Pulses are edible fruits or seeds of pod bearing plants belonging to the family of the leguminous. Some of the major pulses which are used in food preparation on a daily basis are red gram dal, bengal gram dal, green gram dal etc. some are used as whole grams. Cow pea, rajma and dry peas also belong to a leguminous family.
Legumes play an important role as they have good dietary value. They maintain and improve the soil fertility through the ability to fix atmosphere nitrogen.
Pulses give around 340 calories per 100g which is almost similar to cereal calorie value. In a vegetarian diet pulses are important sources of protein. They give about 20-25% of protein content which is double the amount of protein given by cereals. They contain chiefly globulins and albumins. The protein in pulses are of low quality as they are deficient in methionine android gram is deficient in tryptophan also pulses are rich in lysine. A mixture of cereals and pulses is needed to supplement the protein requirements of the body. The most effective combination is 5 parts of cereal proteins to one part of pulse protein. In terms of grains amino acids like isoleucine, leucine, phenylalanine, threonine and valine.
Pulses contain 55 to 60% starch. Soluble sugars fibers and unavailable carbohydrates are also present. The unavailable sugars in pulses include oligosaccharides of the raffinose family which produces flatulence in man. These sugars escape digestion due to lack of alpha galactosidase activity and are digested by the microflora of the lower intestinal tract resulting in the production of large amounts of carbon dioxide, hydrogen and methane. Fermentation, germination, cooking, soaking and autoclaving reduce a considerable amount of oligosaccharide.
Pulses contain 1.5% lipids on a moisture free basis. They contain a high amount of PUFA. Apart from linoleic acid they contain a high proportion of linolenic acid. They undergo oxidative rancidity during storage resulting in a loss of protein solubility, off flavor development and loss of nutritive quality. oleic , stearic and palmitic acids are also present. They also contain calcium, magnesium, zinc, iron, potassium and phosphorus. In amounts used pulses do not contribute much to the total mineral intake. Legume seeds are a good source of B complex vitamins like thiamin, folic acid and pantothenic acid. They do not contain vitaminA or C but germinated pulses contain some vitamin C.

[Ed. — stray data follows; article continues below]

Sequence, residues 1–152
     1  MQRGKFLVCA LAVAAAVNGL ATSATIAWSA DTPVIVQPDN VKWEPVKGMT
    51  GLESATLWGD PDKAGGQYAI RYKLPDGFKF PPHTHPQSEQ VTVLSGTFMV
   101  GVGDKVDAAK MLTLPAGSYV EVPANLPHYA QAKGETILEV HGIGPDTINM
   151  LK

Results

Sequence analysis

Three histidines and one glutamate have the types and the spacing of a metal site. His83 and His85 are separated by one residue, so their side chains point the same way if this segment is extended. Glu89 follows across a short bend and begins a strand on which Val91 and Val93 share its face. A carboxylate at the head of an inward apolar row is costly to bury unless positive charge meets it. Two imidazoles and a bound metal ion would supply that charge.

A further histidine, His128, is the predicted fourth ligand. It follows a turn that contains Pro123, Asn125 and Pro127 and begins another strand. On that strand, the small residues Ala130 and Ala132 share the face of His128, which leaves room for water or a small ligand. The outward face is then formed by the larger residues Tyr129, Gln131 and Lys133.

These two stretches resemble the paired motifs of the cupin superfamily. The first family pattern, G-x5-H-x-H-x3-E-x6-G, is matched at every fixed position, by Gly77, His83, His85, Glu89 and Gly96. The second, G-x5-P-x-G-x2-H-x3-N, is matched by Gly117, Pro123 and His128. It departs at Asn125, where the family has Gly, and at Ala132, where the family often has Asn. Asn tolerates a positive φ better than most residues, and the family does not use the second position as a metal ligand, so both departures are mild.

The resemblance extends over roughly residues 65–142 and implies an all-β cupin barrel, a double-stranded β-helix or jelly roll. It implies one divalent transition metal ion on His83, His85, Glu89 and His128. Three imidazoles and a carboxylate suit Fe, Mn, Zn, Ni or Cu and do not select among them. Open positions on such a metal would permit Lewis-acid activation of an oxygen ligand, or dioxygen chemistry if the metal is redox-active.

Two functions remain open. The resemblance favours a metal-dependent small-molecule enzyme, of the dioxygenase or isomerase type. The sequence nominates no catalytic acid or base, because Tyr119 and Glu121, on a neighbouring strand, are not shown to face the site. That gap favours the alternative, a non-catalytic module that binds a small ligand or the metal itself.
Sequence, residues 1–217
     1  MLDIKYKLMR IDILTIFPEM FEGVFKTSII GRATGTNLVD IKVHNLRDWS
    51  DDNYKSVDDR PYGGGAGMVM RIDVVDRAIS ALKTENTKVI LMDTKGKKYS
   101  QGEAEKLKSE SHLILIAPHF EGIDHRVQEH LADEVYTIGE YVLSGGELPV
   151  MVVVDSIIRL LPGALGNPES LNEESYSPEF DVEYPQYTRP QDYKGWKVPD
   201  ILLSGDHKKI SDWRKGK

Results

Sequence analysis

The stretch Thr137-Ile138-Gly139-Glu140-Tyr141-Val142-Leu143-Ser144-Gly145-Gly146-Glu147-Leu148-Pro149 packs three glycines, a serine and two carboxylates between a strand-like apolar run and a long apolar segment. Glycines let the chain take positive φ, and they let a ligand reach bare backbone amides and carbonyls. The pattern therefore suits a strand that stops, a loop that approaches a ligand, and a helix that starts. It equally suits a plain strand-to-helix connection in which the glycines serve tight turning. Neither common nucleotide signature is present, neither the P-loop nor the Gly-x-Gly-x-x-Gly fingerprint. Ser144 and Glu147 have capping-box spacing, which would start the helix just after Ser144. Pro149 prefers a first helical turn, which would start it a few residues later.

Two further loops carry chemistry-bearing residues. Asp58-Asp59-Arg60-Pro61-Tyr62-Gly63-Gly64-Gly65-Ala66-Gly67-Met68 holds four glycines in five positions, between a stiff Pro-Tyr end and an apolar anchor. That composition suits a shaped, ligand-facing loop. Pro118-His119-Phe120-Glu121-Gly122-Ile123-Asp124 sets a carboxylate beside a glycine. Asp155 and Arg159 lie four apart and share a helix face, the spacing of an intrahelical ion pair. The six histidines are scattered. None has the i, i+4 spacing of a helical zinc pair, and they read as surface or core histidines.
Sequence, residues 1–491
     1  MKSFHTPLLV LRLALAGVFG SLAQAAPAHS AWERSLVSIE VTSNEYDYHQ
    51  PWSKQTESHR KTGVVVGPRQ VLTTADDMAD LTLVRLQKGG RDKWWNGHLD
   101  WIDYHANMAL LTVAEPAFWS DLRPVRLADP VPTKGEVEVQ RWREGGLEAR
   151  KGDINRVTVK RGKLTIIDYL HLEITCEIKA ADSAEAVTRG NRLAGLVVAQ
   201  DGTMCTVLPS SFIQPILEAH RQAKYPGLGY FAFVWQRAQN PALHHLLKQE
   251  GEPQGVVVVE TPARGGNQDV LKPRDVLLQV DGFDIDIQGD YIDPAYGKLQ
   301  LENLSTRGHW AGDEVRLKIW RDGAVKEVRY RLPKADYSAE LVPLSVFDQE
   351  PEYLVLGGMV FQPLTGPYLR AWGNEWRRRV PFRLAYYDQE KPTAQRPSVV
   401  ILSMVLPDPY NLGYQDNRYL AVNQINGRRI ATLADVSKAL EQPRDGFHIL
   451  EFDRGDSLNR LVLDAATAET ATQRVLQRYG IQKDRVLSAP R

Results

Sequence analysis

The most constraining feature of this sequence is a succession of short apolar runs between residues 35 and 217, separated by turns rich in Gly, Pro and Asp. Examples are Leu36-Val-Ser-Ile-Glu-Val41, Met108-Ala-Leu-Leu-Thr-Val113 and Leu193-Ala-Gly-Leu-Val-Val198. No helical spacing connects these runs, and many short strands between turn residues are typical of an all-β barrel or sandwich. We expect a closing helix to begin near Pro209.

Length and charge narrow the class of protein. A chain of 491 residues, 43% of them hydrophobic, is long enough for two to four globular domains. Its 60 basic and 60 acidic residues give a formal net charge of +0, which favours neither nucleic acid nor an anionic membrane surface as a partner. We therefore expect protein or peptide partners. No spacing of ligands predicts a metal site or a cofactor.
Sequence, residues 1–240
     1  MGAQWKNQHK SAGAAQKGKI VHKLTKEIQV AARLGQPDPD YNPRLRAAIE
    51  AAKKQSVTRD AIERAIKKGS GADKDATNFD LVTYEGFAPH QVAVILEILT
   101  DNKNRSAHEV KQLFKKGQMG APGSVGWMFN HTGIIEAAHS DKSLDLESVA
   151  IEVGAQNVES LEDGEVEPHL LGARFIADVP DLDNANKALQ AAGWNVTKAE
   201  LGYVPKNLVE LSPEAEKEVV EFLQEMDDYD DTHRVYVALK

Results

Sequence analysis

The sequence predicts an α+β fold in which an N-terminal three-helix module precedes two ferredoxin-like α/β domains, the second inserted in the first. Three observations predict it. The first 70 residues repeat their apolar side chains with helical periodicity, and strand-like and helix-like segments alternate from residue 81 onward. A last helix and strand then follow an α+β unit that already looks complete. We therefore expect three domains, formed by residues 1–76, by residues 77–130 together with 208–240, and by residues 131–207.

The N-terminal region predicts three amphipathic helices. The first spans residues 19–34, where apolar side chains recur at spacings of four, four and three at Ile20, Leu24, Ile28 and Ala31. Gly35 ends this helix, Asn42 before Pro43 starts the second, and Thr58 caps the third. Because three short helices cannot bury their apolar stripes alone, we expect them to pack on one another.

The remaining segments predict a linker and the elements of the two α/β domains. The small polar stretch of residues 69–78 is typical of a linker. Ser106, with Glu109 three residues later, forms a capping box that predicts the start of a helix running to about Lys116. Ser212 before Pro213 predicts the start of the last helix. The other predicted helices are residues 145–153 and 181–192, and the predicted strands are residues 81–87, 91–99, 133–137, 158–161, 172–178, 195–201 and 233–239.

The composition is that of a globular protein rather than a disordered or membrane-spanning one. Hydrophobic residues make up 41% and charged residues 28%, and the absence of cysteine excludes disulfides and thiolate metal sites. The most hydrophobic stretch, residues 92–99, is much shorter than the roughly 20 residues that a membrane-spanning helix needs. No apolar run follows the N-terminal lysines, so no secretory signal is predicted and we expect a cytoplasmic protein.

Among legumes chickpea has high digestibility. Other legumes including lentils have low digestibility. Rajma has low digestibility as it has a globulin fraction which is not easily digested. Pulse proteins have high molecular weight and compact molecules that reduce digestibility. Some proteins are complexed with phytin and decrease digestibility.
Milling or decortication of the seed coat tightly envelops the cotyledons through a layer of gum or lignin. The husk can be loosened and rendered brittle by controlling drying to a critical moisture level and easily removed by abrasion. Increased moisture content is needed for splitting the cotyledons. The dal obtained by the dry method is hemispherical in shape and softens rapidly on cooking. Dal prepared by wet method is usually flat and has a small depression in the center due to shrinkage and softens during cooking. The application of edible oil as a pre-treatment is for pigeon peas where the seed coat is tightly bound to the cotyledons. The advantages of milling are because protein digestibility is improved. Removal of hulls facilitates reduction of fiber and nutrients availability is increased. Dehusking the pulses also removes the anti nutritional factors of polyphenols. Keeping quality is improved due to the milling process.
Soaking many pulses like whole grams have a hard outer covering which needs soaking prior to cooking. During soaking water enters through the hilum or scar where the bean is attached to the pod. It seeps around the periphery of the bean and causes the seed coat to wrinkle. These wrinkles are eliminated when the cotyledons swell and fill the seed coat. Whole pulses are soaked in cold water overnight or in warm water for 4-5 hours. By rehydration the moisture content is increased from 10% to 60%. If there is hard water then the pulses can be boiled for two minutes and then soaked in warm water.
This article is written and submitted to The E Today by Shrushti Mehta.
We thank her for her research and analysis and hope to see the awareness about health and nutrition being spread ahead to larger mass of our citizens.